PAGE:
But for those making more than $1 million — there were 236,883 such households in 2009 — I would raise rates immediately on taxable income in excess of $1 million, including, of course, dividends and capital gains. And for those who make $10 million or more — there were 8,274 in 2009 — I would suggest an additional increase in rate.
My friends and I have been coddled long enough by a billionaire-friendly Congress. It’s time for our government to get serious about shared sacrifice.
The NY Times Online followed up Many With New College Degree Find the Job Market Humbling (see And Now That You’ve Graduated) with The Downsized College Graduate, seven op-ed articles with reader comments debating “reasons besides the economy to explain why today’s group is different.” One explanation is that it’s your own damn fault:
[S]ome older readers cited factors other than the economy for the drop in the number of new graduates in the work force: that young people have a sense of entitlement, were sheltered by their parents, and partied through college. Or, if they worked automatons, they took no risks, expecting to be rewarded no matter what.
Richard Arum, co-author of Academically Adrift: Limited Learning on College Campuses,” (see Not Getting What You Pay For), offers reasons neatly summarized by the title of his piece, Aimless, Misled, and in Debt:
- “[P]ronounced and unprecedented” indebtedness
- Young adults who “are highly motivated, but often directionless.” They are “‘drifting dreamers’ with ‘high ambitions, but no clear life plan for reaching them.’ Indeed, more than a third of college graduates in our study reported that they aspired to own their own businesses, even though there was little evidence that entrepreneurial skills were being developed.”
- Lest you think Arum lays all blame on this cohort’s character, he states “colleges and universities are implicated in the difficulties that graduates are facing, since not only did they fail to ensure that college students experienced rigorous academic coursework associated with the development of higher order cognitive skills, but, more troubling, they typically have abandoned responsibility for shaping and developing the attitudes and dispositions necessary for adult success.”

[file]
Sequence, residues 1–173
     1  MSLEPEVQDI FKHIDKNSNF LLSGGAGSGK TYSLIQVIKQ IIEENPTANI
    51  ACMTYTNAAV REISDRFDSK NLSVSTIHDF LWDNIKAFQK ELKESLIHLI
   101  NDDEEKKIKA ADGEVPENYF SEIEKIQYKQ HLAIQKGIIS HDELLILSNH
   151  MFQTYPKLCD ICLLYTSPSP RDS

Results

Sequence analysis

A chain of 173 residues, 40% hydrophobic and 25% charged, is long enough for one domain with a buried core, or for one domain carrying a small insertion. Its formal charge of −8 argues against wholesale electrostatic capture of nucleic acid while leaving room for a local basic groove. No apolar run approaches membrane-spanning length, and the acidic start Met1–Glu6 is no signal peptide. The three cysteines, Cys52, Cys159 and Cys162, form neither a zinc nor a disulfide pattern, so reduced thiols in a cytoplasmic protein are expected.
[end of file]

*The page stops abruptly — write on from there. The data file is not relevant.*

Other contributors have different perspectives. Overall the articles and comments are provocative. They are worth the time as you sit in the coffee shop reading your laptop with other under-employed graduates.
. . . you face greater economic uncertainty than your predecessors. In an article with a headline that says it all, Many With New College Degree Find the Job Market Humbling, the NY Times reports “[e]mployment rates for new college graduates have fallen sharply in the last two years, as have starting salaries for those who can find work. What’s more, only half of the jobs landed by these new graduates even require a college degree, reviving debates about whether higher education is ‘worth it’ after all.” Some of the grim facts:
- The median starting salary for college graduates entering the work force in 2009 and 2010 declined 10%, from $30k to $27, compared with college graduates who entered the work force from 2006 to 2008
- 56% of 2010 grads has held at least one job by this spring, compared with 90% of 2006 and 2007 graduates
- About 50% “of recent college graduates said that their first job required a college degree”
- “Young graduates who majored in education and teaching or engineering were most likely to find a job requiring a college degree, while area studies majors — those who majored in Latin American studies, for example — and humanities majors were least likely to do so. Among all recent education graduates, 71.1 percent were in jobs that required a college degree; of all area studies majors, the share was 44.7 percent.”
Timing and luck determine for more of our circumstances than commencement speakers acknowledge. They say follow your dreams . Never give up. Live your passion. A 1989 or 1990 birth year–not lack of merit, lack of academic achievement, lack of work ethic–will diminish the number and quality of choices available to most 2011 graduates compared to those born in 1985 or 1986. A sad but true fact of life.
Rushworth Kidder, founder of the Institute for Global Ethics and author of multiple books on ethical decision making including How Good People Make Tough Choices, wrote a short commentary on the recently-issued Financial Crisis Inquiry Commission Report. Why must business schools, in particular, add rigorous ethics courses to their curriculum? Because “an unethical culture — a ‘pervasive permissiveness,’ in the report’s words — played a key role in this crisis. Through an ‘erosion of responsibility and ethics,’ standards were relaxed, rules were circumvented, and long-term stability was sacrificed for short-term gain.” Not astonishing conclusions, but changing that culture requires, first, that those who shape it recognize the need for change.
Of course, headlines like this, from today’s Wall Street Journal, fuel the belief that TARP and the stimulus were unnecessary: Wall Street Pay: A Record $144 Billion Whatever financial and legal rationales support this record compensation, it proves Wall Street is tone-deaf.